Developing language skills

Did you know that by the time your child is 5, their vocabulary can predict their future educational success? Not only that, research also shows us that a child’s vocabulary and language development at age 5 is strongly associated with their reading ability at age 7.

Worryingly, 1 in 4 children in England now start school without the language and communication skills they need (Early Intervention Foundation).

This is backed up by the experiences of primary school teachers, three quarters of whom report seeing children aged four to five starting in Reception class who are unable to speak in full sentences.

Unfortunately, the increasing time that children and adults are spending using screens, watching TV and using mobile phones is reducing the opportunities for children to learn vocabulary. Although they may be observing or listening to language on TV and devices, this isn’t supporting them to learn good language skills.

Learning vocabulary

Learning vocabulary happens best through face-to-face interaction and conversation in everyday situations. So actively involving children in interactions and conversations, and chatting about what they are doing.

When your child is engaged in conversation, you can repeat and reinforce vocabulary they already know. You can also introduce them to new words that are directly related to what they are focused on. In this way you can expand and strengthen their vocabulary.


To support you to develop your child’s vocabulary, our speech and language team has developed a series of ideas sheets to encourage you to get chatting with your child, which will improve their language skills, educational chances and outcomes.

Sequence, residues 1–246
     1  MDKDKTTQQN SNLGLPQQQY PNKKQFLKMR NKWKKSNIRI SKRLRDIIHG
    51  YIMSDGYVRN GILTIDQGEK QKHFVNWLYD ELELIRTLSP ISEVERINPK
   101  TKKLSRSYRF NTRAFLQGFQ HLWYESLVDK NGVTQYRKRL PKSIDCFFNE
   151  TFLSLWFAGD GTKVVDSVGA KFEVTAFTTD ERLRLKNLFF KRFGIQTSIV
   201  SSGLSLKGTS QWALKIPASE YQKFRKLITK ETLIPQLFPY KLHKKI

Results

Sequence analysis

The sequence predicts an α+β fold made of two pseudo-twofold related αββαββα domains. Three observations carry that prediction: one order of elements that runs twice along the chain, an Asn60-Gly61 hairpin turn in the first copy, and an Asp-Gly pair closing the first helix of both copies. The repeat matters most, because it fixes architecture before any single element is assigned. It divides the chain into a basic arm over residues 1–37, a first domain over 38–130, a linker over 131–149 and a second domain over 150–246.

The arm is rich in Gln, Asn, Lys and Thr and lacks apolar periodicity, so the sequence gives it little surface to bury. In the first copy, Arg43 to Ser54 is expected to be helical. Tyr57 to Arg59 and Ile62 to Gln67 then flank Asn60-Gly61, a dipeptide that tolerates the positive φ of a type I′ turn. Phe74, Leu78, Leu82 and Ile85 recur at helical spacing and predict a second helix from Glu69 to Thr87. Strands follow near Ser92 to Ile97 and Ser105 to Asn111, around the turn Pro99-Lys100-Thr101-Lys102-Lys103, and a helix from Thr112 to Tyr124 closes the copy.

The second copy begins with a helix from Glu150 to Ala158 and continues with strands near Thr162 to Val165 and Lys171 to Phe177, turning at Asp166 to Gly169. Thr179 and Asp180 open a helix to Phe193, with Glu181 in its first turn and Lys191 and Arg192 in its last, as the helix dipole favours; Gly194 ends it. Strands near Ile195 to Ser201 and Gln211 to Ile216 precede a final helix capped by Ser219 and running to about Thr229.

The summer holidays are a great time to start, especially if your child will be starting school in September, as most families are able to spend more time together.

Understanding more about the importance of vocabulary

Language development in pre-school children predicts their educational achievement right through to school leaving age. For example, reading depends on more than decoding words and phonics. Children need to have a good vocabulary to also understand what they are reading.

Parents play a key role in developing their child’s vocabulary, which is so critical for learning and their future chances.

It is not just the quantity of words that matters, but also the type of words we expose them to in their pre-school years:

  • Young children (12-24 month olds) benefit from exposure to lots of words
  • Toddlers (24-36 months) benefit from hearing a variety of sophisticated words
  • Pre-school children (36-48 months) benefit from conversations about past and future events as well as explanations.

Use our face-2-face ideas sheets to help you and your child get talking. They contain a wide range of everyday experiences and activities that you can use to engage your child in conversations that will expand and reinforce their vocabulary. They also include examples of the kinds of words you can to develop vocabulary and thus lay down the foundations for their learning, literacy and language development.

At home

  1. Bath time
  2. Hide and Seek
  3. Instruments
  4. Noises
  5. Phone
  6. Pretend shopping
  7. Shoes
  8. Socks
  9. Water
  10. Bubbles

In the garden

  1. Bats and balls
  2. Bubbles
  3. Flower pots
  4. Grass
  5. Hose pipe
  6. Leaves
  7. Sticks
  8. Trees
  9. Washing line

In the kitchen

  1. Bread
  2. Corn flour and water
  3. Fruit and Vegetables
  4. Porridge
  5. Rice
  6. Salt
  7. Tupperware
  8. Washing up


  1. Cardboard boxes
  2. Cardboard tubes
  3. Dry textures
  4. Foil
  5. Painting or drawing pictures
  6. Painting
  7. Plastic cups
  8. Playdoh
  9. Sheets
  10. Wrapping paper

Out and about

  1. Bear hunt
  2. Bus
  3. Journey
  4. Maps
  5. Nature walk
  6. Playground
  7. Post 
  8. Puddles
  9. Shopping
  10. Signs out and about
  11. Zoo animals


  1. Dear Zoo
  2. Hungry Caterpillar
  3. Waiting for a special event


You may also like to watch this video about how to expand and develop vocabulary while reading to your child.

Try the Now and Next strategy with your child when completing activities.